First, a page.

Referring to FIG. 1, there is shown a block diagram of a processing module of a computer system, the computer system being made up of a plurality of modules. The processing module, which includes a microprocessor 10, communicates with other modules via a high speed parallel bus 20. During read, write, or read-modify-write operations by the processing module, 23 address bits (A01-A23) determine the address of the byte (or word) to be read or written. Three address parity bits (AP0-AP2) are generated by an address parity generation logic 25 for each address asserted on the bus 20 (in the preferred embodiment one parity bit for each byte of address). All other modules which interface to the bus 20 monitor the address and address parity information on the bus, each module on the bus being assigned a unique address. If the address asserted on the bus 20 matches the address assigned and the parity is correct, the module responds to the specific operation. If the address parity is incorrect there will no response from any module. The address parity check logic (not shown) on each module will prevent that module from responding if the address parity is incorrect even when there is a match between the asserted address and the modules assigned address.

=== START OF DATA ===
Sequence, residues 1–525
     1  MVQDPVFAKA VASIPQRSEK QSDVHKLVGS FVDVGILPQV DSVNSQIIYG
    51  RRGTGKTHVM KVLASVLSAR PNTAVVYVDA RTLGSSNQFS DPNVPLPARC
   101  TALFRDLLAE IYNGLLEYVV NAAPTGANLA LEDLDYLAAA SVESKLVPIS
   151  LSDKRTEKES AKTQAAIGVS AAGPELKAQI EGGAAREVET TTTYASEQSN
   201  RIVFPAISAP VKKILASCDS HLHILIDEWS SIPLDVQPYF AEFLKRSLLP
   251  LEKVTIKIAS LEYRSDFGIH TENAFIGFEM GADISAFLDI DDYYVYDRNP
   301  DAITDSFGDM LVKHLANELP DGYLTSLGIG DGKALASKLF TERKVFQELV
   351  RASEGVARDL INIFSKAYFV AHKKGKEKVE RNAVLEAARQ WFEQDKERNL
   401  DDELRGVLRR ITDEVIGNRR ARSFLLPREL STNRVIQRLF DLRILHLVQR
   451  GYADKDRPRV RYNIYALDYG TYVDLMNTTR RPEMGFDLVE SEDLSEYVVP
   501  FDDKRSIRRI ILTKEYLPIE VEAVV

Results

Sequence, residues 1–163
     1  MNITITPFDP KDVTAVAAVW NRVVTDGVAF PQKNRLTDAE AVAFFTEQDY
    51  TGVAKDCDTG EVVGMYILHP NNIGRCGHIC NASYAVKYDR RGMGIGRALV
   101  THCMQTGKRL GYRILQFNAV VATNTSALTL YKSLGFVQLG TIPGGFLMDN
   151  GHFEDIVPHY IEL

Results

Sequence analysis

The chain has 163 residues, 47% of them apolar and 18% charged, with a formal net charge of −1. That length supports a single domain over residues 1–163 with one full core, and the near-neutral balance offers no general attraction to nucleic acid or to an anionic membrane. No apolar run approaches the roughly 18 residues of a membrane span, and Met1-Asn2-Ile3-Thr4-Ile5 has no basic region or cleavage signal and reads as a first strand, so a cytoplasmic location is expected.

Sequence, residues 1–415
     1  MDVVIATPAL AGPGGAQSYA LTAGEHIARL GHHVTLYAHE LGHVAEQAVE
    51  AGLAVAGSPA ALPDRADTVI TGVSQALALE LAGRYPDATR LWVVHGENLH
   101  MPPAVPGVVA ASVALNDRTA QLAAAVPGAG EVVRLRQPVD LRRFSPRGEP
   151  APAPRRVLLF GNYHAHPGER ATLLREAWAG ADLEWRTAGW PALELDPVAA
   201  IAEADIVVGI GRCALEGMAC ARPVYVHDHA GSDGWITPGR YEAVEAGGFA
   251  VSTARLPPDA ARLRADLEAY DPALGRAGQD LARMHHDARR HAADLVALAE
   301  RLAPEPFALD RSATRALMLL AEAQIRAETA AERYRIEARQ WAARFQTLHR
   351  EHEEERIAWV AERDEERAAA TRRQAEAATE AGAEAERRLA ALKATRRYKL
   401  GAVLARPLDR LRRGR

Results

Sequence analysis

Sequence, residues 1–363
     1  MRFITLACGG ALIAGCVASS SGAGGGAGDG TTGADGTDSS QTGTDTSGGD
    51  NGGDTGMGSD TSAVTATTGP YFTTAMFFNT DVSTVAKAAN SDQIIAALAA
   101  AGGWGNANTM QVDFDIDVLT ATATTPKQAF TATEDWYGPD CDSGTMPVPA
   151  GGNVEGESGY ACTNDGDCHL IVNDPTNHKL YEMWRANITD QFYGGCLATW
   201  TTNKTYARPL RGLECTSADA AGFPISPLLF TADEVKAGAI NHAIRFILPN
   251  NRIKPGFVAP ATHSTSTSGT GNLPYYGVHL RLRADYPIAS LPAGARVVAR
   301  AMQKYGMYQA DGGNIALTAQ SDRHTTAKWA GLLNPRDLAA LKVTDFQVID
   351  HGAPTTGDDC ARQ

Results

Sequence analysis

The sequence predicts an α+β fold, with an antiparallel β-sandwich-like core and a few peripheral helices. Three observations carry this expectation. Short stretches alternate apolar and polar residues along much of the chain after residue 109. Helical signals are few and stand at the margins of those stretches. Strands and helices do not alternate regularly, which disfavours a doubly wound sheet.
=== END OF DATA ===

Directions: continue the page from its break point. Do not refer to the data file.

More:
Two data parity bits (DPL, DPOU) are generated for each write operation to the bus 20 or to a local memory 30 associated with the processing module. In the preferred embodiment, the parity information for the local memory 30 is stored in a 16KX two-bit parity RAM 31. During power on initialization, data parity checking on the processing module is disabled via a parity control register 40 until the parity RAM 31 can be properly initialized. The parity bits for the local memory 30 are initialized by performing read/write operations to each address of memory 30. A write operation to a memory location with the data that has been previously stored in that location (fetched during the read) sets the parity bits to the proper state for that address. After data parity checking is enabled via the parity control register 40 in response to an instruction control signal, (INSTR) from microprocessor 10, data parity is checked during all read operations from the bus 20 and from the local memory 30. Data parity generation/check logic 50 generates parity for data outputted from the microprocessor 10, and checks parity for data inputted to the processing module from bus 20 or read from local memory 30, in response to control signals from the parity control register 40. Two output lines from the data parity generation/check logic 50 are coupled to parity error detection circuitry 60. Parity error detection circuitry 60 detects the presence of parity errors in response to control signals from the parity control register 40 and generates an error signal, ERROR, and couples the error signal to the microprocessor 10.